Effects of chronic heroin



As with most illegal drugs, the chronic use of heroin possesses both long-term and short-term effects. Whether injected, snorted or smoked, heroin will begin to affect the body's central nervous system almost immediately after it is used. This report aims to analyse these effects of chronic heroin use and the concept of building up tolerance to heroin with reduced effectiveness of the drug.


Heroin, or diacetylmorphine is also commonly referred to as diamorphine, it is a semi-synthetic opioid drug synthesized from morphine, a derivative of the Asian opium poppy plant (NIDA, 2009). It is the 3,6-diacetyl ester of morphine (di (two)-acetyl-morphine). The white crystalline form is commonly the hydrochloride salt diacetylmorphine hydrochloride, though often adulterated thus dulling the sheen and consistency from that to a matte white powder, which however heroin freebase typically is.

As with other opioids, heroin is used as both a pain-killer and a recreational drug and has an extremely high potential for abuse. Frequent and regular administration is associated with tolerance, moderate physical dependence, and severe psychological dependence which develops into addiction.

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According to Kreet et al (2005) opiates are drugs derived from the resin or sap of the opium poppy, which include "morphine, codeine, their congeners (e.g., heroin and oxycodone), and other semi-synthetic derivatives of the-baine". These opium-derived drugs are branded as opioids or narcotic analgesics. Opioids consist of all agonist drugs, which possess morphine-like properties, whether they are naturally occurring or synthetic (made).

Other drugs in the opioid class include pethidine and methadone, which are synthetically manufactured. Heroin is a central nervous system depressant, which means it slows down the workings of the brain and spinal cord. It is mixed or 'cut' with other substances, such as glucose, to boost profits. This means the user has no idea if the dose will be strong or weak. Heroin usually takes the form of granules or powder, and can be white, pink or brown. It is usually injected intravenously, but some users snort or smoke it instead. Common slang terms for heroin include 'smack', 'horse' and 'hammer'.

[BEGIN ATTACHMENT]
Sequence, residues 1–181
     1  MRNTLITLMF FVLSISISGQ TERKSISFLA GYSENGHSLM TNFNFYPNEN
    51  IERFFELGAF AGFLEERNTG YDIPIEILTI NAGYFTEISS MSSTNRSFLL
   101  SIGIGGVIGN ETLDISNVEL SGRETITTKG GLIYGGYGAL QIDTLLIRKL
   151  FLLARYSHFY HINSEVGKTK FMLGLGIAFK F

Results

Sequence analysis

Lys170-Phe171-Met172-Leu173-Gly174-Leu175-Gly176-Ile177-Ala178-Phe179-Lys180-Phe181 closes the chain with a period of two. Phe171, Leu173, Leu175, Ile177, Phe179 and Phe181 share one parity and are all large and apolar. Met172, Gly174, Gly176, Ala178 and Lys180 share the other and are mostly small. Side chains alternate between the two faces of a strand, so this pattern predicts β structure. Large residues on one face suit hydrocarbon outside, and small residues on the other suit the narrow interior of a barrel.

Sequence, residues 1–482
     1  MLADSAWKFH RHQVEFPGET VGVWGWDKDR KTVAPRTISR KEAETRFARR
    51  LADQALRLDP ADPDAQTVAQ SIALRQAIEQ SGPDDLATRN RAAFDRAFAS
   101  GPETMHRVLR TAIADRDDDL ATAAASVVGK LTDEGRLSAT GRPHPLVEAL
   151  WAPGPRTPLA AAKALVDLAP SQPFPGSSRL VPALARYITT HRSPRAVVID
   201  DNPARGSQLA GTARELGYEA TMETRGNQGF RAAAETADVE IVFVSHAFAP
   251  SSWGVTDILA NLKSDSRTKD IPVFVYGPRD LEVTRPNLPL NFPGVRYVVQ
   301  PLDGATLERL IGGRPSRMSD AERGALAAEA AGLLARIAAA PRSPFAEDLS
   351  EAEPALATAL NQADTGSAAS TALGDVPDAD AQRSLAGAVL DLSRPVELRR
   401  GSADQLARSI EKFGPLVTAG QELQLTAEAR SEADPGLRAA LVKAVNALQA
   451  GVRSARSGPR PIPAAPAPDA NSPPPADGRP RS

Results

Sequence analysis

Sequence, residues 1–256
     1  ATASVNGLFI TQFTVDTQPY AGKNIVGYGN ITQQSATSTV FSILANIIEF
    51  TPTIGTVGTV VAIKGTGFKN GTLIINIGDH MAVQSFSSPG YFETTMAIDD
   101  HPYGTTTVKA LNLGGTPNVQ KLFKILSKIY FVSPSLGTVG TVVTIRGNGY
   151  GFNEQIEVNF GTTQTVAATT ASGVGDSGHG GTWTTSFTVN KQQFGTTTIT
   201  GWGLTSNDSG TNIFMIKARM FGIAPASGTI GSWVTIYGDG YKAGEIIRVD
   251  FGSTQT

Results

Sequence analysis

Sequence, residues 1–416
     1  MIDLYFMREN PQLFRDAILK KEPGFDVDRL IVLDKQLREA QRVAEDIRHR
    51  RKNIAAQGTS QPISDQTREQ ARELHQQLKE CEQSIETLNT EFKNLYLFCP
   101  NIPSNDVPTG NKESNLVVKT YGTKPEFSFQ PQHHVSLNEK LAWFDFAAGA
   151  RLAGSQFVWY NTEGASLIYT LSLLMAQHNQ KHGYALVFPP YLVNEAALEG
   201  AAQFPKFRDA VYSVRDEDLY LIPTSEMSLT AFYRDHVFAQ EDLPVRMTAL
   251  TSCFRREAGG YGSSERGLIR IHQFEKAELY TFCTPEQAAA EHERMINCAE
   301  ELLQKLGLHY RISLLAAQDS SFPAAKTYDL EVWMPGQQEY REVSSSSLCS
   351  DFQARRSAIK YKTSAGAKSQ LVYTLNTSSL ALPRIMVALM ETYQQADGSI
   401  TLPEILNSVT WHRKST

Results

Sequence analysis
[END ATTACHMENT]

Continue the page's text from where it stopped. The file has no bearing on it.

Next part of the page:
Dependent heroin users are characterised by the persistence of use in spite of the difficulties they experience with health, law, social achievements and personal relationships (Ferri et al, 2003).


Heroin (diacetylmorphine) is rapidly hydrolysed to 6-monoacetylmorphine which in turn is hydrolysed to morphine following intravenous administration in humans (Goodman & Gilman, 1991). The blood concentration of morphine, the metabolite of heroin, depends on route of administration, drug dose, body weight, time elapsed since the last dose and individual pharmacokinetics (Aderjan et al, 1995). Heroin is mainly excreted in the urine as free and conjugated morphine.

Cardinal signs of heroin toxicity include reduced level of consciousness from drowsiness or a stuporous state to coma, pinpoint pupils and a depressed respiratory rate. Cyanosis, hypotension, bradycardia, hypothermia may also be present. Death is usually due to respiratory failure (Goodman & Gilman, 1991).



Central nervous system:

  • Drowsiness
  • Disorientation
  • Delirium


  • Analgesia
  • Tolerance
  • Addiction (Physical Dependence)


  • Addiction (Psychological Dependence)
  • Anxiolysis
  • Confusion
  • Euphoria
  • Somnolence


People who are physically dependent on heroin usually develop tolerance to the drug, making it necessary to take more and more to get the desired effects. Eventually, a dose plateau is reached, at which no amount of the drug is sufficient. When this level is achieved, the person may continue to use heroin, but largely for the purpose of delaying withdrawal symptoms




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  • Chemical Structure of Heroin (2007). Available online at: http://en.wikipedia.org/wiki/File:Heroin_-_Heroine.svg Accessed on 12th December 2009.
  • Heroin (2009) National Institute of Drug Abuse. Available online at: http://www.nida.nih.gov/infofacts/heroin.html Accessed on 12th December 2009.
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